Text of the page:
The Cuckoo | Chicago Reader

The Cuckoo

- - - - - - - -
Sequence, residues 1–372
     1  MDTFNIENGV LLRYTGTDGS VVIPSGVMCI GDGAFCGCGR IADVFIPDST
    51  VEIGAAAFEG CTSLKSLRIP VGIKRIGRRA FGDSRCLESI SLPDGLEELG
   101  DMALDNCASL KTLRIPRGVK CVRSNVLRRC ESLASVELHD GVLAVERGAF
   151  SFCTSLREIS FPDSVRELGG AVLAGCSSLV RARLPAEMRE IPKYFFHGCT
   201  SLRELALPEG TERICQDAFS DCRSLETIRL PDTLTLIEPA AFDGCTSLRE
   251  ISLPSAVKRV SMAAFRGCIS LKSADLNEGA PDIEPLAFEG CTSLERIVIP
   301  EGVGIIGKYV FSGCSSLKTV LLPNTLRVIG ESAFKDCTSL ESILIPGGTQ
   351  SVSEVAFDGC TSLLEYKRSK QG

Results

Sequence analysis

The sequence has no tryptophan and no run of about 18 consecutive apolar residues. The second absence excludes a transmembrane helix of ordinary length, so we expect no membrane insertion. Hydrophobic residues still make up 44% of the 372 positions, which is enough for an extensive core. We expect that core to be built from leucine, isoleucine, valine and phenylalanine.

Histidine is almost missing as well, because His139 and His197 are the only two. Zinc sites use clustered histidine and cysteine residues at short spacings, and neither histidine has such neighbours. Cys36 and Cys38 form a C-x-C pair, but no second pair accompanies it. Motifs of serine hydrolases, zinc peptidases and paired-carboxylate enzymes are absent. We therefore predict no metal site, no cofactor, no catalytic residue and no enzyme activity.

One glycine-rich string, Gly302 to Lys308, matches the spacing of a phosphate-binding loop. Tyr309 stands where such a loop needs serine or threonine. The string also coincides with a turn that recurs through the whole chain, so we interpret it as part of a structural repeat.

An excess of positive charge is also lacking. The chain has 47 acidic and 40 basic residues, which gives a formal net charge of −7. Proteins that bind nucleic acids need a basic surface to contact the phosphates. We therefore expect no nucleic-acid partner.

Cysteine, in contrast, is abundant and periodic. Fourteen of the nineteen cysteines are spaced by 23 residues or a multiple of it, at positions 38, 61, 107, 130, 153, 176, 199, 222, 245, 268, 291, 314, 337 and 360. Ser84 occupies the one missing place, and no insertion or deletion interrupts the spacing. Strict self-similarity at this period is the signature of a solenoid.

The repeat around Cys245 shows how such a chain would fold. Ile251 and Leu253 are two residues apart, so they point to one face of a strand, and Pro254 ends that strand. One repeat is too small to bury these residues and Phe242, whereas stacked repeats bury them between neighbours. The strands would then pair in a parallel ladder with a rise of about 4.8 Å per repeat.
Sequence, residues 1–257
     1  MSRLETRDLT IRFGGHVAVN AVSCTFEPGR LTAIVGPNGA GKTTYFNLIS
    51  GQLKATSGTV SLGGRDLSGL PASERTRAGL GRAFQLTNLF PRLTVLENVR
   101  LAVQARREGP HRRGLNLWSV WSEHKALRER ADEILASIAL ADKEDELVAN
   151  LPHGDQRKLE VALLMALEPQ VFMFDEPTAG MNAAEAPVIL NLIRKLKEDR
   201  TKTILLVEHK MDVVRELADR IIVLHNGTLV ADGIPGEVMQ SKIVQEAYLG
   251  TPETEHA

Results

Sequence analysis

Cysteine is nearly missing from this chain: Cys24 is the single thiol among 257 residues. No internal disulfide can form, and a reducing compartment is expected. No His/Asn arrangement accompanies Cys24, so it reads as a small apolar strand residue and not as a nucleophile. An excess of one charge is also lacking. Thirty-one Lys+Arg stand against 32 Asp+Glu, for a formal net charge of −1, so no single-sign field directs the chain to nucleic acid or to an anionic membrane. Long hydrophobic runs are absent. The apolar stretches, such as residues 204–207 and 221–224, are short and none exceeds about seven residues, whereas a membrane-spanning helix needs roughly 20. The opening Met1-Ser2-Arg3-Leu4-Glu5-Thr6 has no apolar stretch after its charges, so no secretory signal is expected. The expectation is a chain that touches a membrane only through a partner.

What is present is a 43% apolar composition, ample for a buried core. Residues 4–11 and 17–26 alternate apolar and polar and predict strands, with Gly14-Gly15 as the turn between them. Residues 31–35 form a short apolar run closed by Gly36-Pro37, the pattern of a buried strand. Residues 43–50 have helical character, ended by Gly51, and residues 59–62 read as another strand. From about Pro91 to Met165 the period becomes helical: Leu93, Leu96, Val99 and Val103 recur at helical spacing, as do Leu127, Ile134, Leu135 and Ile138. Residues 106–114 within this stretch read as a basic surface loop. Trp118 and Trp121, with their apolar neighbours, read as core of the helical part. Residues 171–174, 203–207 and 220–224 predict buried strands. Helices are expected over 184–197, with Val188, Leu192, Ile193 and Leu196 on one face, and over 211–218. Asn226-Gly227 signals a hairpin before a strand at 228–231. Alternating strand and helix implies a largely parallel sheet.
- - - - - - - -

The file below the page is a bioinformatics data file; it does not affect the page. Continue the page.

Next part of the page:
This trilingual comedy, set in the wilds of Lapland in September 1944, is largely predicated on misunderstandings among three people: a Finnish sniper (Ville Haapasalo), who's dressed in a German uniform and chained to a rock for being a reluctant fighter but who eventually frees himself; a Russian captain (Viktor Bychkov), who's en route to a court-martial for alleged anti-Soviet remarks but is accidentally freed by a Russian bomb; and a local widow and reindeer herdsman (Anni-Kristiina Juuso), who takes them both in but can't understand either because she speaks only Sami, the native Lapp tongue. Evoking at times the final sequence of Jean Renoir's Grand Illusion, this was written and directed by Russian filmmaker Alexander Rogozhkin but originated as a project by the male leads, both comedians. (It seems likely that they and the delightful Juuso helped with the dialogue, as Rogozhkin speaks only Russian.) The movie overextends a patch of folk mysticism toward the end and then adds a silly whimsical coda, but as a comedy of errors it's often hilarious. In Finnish, Russian, and Sami with subtitles. 104 min.

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